Work in the Global Economy has an independent editorial structure that reflects geographic, disciplinary and social diversity. We are committed to delivering an intellectually rigorous, supportive and fair reviewing process that can strengthen the vitality and engagement of academic communities. Be among the first to publish in Work in the Global Economy. Our first issues will be published in April and September 2021 and the journal will soon be open for submissions. See our call for papers and read about the journal’s aims and scope for more information. If you have an idea for an article please contact the Editors in Chief for information on how to submit: email@example.com.
You can also sign up to the Work in the Global Economy mailing list to receive the latest news and journal updates.
The Review of Social Economy invites submissions for publication in a special issue exploring the conceptual, political and economic aspects of deprivation. European countries are emerging from a decade of austerity which has resulted in significant increases in deprivation and inequality across the continent. Over the same period a series of political events has rocked the European Union: the collapse of mainstream social democratic parties, the rise of so-called ‘populist’ parties, and the exit of the United Kingdom in 2020.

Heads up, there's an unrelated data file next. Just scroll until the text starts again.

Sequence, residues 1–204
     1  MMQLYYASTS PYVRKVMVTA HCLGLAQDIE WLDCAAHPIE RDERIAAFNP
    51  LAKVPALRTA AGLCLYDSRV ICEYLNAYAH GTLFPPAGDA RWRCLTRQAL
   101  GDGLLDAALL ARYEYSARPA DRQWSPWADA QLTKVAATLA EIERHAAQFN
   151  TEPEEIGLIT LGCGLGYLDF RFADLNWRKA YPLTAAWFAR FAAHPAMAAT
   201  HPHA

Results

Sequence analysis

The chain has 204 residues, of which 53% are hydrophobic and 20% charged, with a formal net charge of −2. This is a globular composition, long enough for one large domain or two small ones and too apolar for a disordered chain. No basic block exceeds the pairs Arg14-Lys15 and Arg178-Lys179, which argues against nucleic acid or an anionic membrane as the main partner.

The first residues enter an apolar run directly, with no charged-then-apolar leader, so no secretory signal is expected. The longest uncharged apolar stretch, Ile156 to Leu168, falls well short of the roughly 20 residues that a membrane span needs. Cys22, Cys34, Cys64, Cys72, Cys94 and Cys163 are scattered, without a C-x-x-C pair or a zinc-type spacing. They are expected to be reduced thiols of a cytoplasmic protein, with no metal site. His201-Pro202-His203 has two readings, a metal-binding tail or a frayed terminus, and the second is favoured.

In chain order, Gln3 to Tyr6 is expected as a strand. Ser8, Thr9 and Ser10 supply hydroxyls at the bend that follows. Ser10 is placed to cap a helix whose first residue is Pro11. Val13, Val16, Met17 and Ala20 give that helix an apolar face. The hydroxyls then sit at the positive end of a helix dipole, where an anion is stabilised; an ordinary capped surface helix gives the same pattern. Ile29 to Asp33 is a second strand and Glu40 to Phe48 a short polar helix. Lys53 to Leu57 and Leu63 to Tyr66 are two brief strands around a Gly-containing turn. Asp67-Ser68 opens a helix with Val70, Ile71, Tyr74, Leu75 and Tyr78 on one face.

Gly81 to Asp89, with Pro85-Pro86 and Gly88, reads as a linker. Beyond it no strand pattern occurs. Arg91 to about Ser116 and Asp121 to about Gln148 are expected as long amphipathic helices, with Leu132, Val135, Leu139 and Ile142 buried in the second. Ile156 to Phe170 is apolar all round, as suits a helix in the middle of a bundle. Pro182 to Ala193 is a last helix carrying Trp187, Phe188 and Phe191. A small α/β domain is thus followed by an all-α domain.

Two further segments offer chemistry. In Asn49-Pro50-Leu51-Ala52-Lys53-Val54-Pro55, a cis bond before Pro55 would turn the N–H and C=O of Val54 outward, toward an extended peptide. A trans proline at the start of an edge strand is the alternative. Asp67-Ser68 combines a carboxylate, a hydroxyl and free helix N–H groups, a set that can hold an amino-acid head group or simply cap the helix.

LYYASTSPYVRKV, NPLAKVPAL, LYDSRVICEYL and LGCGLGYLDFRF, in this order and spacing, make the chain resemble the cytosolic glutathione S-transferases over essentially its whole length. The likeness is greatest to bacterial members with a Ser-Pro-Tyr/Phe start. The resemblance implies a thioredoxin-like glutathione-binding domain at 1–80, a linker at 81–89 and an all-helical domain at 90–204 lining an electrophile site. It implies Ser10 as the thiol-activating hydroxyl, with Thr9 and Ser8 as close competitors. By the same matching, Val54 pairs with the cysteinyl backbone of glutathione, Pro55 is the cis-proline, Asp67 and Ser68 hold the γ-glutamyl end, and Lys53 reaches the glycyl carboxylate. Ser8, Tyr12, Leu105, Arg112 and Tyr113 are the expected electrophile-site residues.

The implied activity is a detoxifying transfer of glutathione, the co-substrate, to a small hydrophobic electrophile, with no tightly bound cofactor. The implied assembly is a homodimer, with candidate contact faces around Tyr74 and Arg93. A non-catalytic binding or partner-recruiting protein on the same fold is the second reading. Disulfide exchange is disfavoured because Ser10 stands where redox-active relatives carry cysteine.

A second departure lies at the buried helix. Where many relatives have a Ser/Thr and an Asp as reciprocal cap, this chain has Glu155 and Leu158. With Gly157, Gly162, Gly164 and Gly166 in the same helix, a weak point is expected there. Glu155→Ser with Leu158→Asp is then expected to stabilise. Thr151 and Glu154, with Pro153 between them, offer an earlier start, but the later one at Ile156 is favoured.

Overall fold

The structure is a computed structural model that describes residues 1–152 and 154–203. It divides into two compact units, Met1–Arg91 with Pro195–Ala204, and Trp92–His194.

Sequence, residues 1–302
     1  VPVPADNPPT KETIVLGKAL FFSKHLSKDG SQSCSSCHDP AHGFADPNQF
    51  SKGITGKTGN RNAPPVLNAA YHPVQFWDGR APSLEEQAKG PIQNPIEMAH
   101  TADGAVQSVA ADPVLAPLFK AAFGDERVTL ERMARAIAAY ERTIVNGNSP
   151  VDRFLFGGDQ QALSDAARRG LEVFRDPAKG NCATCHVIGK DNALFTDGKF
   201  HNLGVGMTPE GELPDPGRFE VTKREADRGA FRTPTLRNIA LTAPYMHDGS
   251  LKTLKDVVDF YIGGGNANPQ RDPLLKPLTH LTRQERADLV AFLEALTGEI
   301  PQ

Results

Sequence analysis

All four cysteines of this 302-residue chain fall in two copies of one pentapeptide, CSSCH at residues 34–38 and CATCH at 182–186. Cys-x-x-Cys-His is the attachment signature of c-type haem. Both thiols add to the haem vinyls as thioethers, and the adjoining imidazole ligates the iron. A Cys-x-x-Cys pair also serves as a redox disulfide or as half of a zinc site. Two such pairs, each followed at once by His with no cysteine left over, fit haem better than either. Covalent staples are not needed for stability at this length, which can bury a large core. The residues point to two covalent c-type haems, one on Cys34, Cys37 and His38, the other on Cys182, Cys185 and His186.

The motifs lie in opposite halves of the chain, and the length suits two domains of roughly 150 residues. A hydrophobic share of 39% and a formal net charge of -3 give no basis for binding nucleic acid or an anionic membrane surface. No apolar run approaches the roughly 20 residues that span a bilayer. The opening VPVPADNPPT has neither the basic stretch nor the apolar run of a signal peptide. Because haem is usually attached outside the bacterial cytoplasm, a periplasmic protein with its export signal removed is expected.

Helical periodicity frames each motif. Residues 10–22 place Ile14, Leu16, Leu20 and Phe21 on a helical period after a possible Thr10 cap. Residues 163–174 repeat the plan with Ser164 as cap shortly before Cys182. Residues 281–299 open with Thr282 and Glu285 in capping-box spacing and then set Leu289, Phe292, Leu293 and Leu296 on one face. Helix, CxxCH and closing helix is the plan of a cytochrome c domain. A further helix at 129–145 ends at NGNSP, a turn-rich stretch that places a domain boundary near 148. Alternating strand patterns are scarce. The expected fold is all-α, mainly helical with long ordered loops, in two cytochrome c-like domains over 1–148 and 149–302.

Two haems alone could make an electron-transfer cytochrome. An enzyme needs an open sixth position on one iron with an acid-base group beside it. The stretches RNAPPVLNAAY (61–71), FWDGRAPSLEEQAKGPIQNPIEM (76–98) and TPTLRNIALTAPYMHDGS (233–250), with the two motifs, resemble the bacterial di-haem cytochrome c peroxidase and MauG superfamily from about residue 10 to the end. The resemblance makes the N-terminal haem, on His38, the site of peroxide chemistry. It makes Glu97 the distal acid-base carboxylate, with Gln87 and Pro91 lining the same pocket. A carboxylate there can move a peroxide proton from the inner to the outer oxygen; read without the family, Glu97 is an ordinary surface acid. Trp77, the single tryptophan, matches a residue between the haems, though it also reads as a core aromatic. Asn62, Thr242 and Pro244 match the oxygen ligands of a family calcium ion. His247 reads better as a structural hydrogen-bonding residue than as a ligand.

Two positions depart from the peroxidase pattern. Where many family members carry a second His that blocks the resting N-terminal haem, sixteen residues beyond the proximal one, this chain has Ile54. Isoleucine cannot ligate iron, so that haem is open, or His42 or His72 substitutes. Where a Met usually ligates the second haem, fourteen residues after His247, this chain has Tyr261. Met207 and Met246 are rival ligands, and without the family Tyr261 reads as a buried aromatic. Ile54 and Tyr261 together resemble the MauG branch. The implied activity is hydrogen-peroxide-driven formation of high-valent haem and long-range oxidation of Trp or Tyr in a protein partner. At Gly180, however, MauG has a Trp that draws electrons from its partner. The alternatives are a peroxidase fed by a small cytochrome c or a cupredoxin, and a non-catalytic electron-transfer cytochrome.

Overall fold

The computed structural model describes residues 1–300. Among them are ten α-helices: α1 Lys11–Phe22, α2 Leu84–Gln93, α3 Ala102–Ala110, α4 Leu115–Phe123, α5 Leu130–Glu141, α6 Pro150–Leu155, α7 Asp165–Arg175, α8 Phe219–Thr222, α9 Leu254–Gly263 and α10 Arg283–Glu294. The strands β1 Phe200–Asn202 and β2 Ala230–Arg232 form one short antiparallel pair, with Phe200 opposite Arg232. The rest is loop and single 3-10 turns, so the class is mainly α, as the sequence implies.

Public discourse, and much academic work, draws a direct link between deprivation, inequality and political upheaval. In Britain much of the discussion is dominated by the notion of ‘Left Behind’ people and places; ‘La France Peripherique’ is a similar concept. Some of the discussion focuses on changes that have taken place since the onset of austerity, while others focus on longer run changes to European societies going back to the 1980s.
Most recently, the Covid-19 pandemic has caused significant hardship across Europe and the world, with the most deprived areas bearing the brunt of the pandemic in many countries. The relationship between deprivation and exposure to adverse health outcomes is well known; the political and economic consequences of the current crisis remain unknown.